Investigating the effect of hydro-alcoholic extract of Salix aegyptiaca on anxiety in male rat


1 Neurophysiology Research Center, Hamadan University of Medical Sciences, Hamadan, Iran

2 Department of Physiology, Faculty of Medicine, Hamadan University of Medical Sciences, Hamadan, Iran


Background: Anxiety disorders are frequently common neuropsychiatric disorders. Herbal medicines are widespread and used universal as a treatment compound for anxiety. The present study investigated the effects of hydro-alcoholic extract of Salix aegyptiaca blossom on rat behavior in the elevated plus-maze (EPM) and compared results with the effects of diazepam, as a positive control drug.
Materials and Methods: Seventy adult male Wistar rats were divided into seven groups (N = 10). Animals received S. aegyptiaca extract (25, 50, 100 mg/kg) or Diazepam (0.3, 0.6, or 1.2 mg/kg) intraperitoneally and the control group was given the vehicle (10 ml/kg) 30 min before submitting into plus-maze test. The number of entries into the open and closed arms, the percentage of entries into the open arms of the EPM, and the time spent in the open arms were recorded.
Results: The results revealed significant increases in percentage of entries into the open arms (P < 0.01) and in the time spent in the open arms (P < 0.01) after administration of diazepam (0.3, 0.6) and S. aegyptiaca (50, 100 mg/kg) in compare with control group. S. aegyptiaca extract has no effects on the total distance covered by animals and number of closed arms entries, whereas diazepam decreased these parameters. The locomotor activity was not significantly changed by S. aegyptiaca.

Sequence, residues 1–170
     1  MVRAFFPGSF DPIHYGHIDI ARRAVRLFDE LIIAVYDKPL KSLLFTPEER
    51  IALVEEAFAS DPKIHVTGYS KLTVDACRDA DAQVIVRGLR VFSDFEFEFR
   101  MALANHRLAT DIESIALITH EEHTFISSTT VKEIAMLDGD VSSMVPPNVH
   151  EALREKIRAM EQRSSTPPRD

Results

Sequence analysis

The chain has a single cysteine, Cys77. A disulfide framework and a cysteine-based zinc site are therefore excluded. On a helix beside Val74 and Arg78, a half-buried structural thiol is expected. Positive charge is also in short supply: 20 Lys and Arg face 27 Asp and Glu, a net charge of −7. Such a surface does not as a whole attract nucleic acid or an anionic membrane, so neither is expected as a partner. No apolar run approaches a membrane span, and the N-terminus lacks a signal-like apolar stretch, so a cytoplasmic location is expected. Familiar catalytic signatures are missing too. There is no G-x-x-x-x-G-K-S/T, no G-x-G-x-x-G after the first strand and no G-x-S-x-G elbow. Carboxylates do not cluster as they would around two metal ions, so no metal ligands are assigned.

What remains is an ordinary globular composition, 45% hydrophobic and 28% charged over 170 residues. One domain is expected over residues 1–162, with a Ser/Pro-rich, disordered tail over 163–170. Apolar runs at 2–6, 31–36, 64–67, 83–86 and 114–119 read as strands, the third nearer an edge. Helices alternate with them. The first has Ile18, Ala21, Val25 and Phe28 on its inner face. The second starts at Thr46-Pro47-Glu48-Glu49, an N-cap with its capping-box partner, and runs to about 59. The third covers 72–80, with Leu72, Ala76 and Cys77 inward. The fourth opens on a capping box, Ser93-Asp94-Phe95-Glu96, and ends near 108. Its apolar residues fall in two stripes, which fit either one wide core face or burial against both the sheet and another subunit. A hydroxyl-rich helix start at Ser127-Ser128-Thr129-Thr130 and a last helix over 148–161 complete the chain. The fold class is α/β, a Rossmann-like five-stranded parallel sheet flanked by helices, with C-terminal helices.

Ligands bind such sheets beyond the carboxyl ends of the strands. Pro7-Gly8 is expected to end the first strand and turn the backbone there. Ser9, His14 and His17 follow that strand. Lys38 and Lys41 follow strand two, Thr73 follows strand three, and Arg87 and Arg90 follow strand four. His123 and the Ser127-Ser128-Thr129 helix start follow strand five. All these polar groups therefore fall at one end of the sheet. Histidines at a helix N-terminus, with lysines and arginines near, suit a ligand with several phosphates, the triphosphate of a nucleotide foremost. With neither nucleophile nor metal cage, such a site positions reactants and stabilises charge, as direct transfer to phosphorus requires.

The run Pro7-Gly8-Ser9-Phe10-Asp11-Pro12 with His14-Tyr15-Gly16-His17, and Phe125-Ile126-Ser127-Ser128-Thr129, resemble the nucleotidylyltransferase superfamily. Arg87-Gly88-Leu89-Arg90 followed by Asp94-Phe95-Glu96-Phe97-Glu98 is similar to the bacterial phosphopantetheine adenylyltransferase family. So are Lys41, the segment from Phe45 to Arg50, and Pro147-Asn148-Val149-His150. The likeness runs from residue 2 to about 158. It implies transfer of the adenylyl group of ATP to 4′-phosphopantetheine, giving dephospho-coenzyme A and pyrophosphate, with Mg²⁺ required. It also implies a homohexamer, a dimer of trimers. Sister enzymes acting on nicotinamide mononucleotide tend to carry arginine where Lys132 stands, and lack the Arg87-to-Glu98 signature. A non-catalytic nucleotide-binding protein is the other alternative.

Conclusion: Single-session administration of optimum doses of total extract of S. aegyptiaca has anxiolytic effects in rat similar to the low dose of diazepam. More research is needed for better understanding of anxiolytic properties and neurobiological mechanisms of action and probable interactions of S. aegyptiaca extract with neurotransmitters.


Eisenberg DM, Davis RB, Ettner SL, Appel S, Wilkey S, Van Rompay M, et al. Trends in alternative medicine use in the United States, 1990–1997: Results of a follow-up national survey. JAMA 1998;280:1569-75.  Back to cited text no. 1
Lader MH. Limitations on the use of benzodiazepines in anxiety and insomnia: Are they justified? Eur Neuropsychopharmacol 1999;9:399-405.  Back to cited text no. 2
Lader M, Morton S. Benzodiazepine problems. Br J Addict 1991;86:823-8.  Back to cited text no. 3
Griffiths RR, Ator NA, Roache JD, Lamb RJ. Abuse liability of triazolam: Experimental measurements in animals and humans. Psychopharmacol Ser 1987;3:83-7.  Back to cited text no. 4
Holm M. One year follow-up of users of benzodiazepines in general practice. Dan Med Bull 1990;37:188-91.  Back to cited text no. 5
Zargari A. Medicinal Plants. 1st ed, Vol. 3. Tehran, Iran: Tehran University Press; 1990. p. 355-61.  Back to cited text no. 6
Ave-Sina A. Law in Medicine. Tehran, Iran; Bermejo Benito: Soroosh Press; 1988.  Back to cited text no. 7
Aqili Khorasani MH. Collection of Drugs (Materia Media). Tehran, Iran: Enqelab-e-Eslami Publishing and Educational Organization; 1991. p. 388-9.  Back to cited text no. 8
Sonboli A, Mojarrad M, Nejad Ebrahimi S, Enayat S. Free radical scavenging activity and total phenolic content of methanolic extracts from male inflorescence of Salix aegyptiaca grown in Iran. Iran J Pharm Res 2010;9:293-6.  Back to cited text no. 9
Karimi I, Hayatgheybi H, Shamspur T, Kamalak A, Pooyanmehr M, Marandi Y. Chemical composition and effect of an essential oil of Salix aegyptiaca (musk willow) in hypercholesterolemic rabbit model. Braz J Pharmacog 2011;21:407-14.  Back to cited text no. 10